I'll start with a pre-election cartoon by Luther Bradley highlighting Wilson's Benghazi; at this point in 1916, Bradley was soon to shuffle off his mortal coil, so this may be my last opportunity to showcase his work.
|"The Silent Vote" by Luther Bradley for Chicago Daily News, November, 1916|
Editorial cartoonists, in some cases putting aside their political differences, greeted Charles Evans Hughes as the new president of the United States.
|"The New Pilot" by Harry Murphy for Chicago Examiner, November 8, 1916|
|"The Political Ass Barrel" by Fred Morgan for Philadelphia Inquirer, November 8, 1916|
|"The End of a Perfect Day" by Fred Morgan for Philadelphia Inquirer, November 8, 1916|
|"Another Doubtful State—Of Mind" by John McCutcheon for Chicago Tribune, November 9, 1916|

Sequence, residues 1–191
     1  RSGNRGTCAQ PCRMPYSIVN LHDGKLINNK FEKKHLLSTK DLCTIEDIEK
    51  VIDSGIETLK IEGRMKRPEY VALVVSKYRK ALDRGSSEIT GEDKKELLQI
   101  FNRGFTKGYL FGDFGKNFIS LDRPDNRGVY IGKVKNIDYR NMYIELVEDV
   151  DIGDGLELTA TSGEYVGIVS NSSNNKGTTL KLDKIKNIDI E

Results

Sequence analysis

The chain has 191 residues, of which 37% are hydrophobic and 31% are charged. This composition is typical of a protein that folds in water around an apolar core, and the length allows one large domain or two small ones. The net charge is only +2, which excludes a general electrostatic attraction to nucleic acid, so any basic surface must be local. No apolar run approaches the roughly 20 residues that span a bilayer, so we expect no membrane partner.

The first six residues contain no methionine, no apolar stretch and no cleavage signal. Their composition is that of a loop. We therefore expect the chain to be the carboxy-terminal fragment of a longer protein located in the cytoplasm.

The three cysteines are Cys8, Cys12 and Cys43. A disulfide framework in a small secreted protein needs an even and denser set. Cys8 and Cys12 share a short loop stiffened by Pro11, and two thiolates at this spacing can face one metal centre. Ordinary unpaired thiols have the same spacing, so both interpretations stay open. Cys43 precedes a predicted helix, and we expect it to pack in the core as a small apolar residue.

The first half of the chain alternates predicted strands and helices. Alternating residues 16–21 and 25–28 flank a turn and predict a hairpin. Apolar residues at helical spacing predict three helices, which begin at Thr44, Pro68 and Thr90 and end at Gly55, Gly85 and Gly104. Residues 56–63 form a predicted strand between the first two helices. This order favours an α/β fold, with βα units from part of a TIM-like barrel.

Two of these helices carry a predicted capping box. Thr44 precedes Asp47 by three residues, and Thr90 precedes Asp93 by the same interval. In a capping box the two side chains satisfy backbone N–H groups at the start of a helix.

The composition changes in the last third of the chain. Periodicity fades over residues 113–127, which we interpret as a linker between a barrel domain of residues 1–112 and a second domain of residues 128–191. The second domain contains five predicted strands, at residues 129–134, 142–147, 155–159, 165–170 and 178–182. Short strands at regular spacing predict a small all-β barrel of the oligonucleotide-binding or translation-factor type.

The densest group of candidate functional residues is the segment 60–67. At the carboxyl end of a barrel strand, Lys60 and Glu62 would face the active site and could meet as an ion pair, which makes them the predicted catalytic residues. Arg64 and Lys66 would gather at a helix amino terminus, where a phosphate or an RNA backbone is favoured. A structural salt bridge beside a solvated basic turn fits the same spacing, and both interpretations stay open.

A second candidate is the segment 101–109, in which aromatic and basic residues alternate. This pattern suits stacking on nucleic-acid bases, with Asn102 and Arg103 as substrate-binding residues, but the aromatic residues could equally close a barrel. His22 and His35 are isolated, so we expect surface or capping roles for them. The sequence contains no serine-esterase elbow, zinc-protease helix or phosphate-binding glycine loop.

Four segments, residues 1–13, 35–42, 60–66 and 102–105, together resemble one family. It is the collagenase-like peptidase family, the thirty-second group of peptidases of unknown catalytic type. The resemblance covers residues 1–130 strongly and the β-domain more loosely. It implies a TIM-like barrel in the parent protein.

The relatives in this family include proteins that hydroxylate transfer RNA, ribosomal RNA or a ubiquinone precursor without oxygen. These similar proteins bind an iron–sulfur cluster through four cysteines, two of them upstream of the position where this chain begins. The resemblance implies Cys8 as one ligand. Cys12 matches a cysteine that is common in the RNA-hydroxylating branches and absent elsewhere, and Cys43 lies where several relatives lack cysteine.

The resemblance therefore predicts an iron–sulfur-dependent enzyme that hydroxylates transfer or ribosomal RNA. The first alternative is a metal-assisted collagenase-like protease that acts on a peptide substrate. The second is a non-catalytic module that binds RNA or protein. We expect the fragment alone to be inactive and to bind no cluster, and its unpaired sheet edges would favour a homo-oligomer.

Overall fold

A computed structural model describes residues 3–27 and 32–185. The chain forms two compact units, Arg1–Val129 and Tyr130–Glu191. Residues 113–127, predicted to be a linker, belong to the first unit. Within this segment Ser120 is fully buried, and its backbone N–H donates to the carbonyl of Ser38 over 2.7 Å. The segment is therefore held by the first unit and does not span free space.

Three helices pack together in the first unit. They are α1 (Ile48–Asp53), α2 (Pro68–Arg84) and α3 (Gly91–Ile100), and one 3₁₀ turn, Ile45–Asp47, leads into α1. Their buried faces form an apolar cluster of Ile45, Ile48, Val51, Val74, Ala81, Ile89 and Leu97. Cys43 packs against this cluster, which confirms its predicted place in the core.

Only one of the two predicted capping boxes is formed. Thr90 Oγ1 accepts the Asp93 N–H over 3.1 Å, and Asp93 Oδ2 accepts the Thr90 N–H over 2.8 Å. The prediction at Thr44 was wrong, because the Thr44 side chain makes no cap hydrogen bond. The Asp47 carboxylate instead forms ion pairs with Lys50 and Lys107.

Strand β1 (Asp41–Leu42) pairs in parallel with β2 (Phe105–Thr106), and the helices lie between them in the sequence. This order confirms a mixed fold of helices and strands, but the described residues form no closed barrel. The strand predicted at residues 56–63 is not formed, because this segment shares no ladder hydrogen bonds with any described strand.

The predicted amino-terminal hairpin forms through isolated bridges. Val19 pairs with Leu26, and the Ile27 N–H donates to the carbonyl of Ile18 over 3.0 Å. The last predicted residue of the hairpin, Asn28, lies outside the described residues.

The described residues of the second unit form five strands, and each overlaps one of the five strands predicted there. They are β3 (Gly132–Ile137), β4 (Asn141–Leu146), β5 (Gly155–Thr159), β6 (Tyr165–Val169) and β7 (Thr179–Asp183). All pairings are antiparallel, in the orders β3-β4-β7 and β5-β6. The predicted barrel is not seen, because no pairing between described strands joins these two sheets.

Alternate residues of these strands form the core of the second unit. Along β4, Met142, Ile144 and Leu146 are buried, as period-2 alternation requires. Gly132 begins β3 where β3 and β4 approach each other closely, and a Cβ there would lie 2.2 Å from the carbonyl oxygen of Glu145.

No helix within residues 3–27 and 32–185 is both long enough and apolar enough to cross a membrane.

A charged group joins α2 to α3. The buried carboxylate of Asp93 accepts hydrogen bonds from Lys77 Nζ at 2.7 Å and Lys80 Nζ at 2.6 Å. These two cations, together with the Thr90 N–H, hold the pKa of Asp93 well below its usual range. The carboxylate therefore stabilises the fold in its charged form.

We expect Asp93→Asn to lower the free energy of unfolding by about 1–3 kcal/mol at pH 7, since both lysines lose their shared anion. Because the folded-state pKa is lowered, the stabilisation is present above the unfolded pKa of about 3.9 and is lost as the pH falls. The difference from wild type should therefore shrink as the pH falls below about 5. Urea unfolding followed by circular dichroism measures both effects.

Fred Morgan must have had cramps in his drawing hand or run out of ink, because his pen fell silent for the next few days. The New York Evening Post reran Monday's cartoon by Oscar Cesare on Thursday, but with a new and improved caption (originally "The Anxious Seat").
|"Watchful Waiting" by Oscar Cesare for New York Evening Post, November 9, 1916|
There is a story that when a reporter tried to telephone Hughes on Wednesday morning to get his reaction to the election returns, the person who answered the phone told the reporter that "the president is asleep."
|"Newspaper Slogan" by Nelson Harding for Brooklyn Daily Eagle, November 8, 1916|
|"Some Mix-Up" by Sidney Greene for New York Evening Telegram, November 10, 1916|
|"Good Work, Woodrow. Keep It Up" by C.F. Naughton for Duluth Evening Herald, November 10, 1916|
Wilson's election having been settled by the end of the week, Mr. Hughes nevertheless did not accept the results until November 22.
|"Judicial Temperament" by H.S. Smith for The Masses, January, 1917.|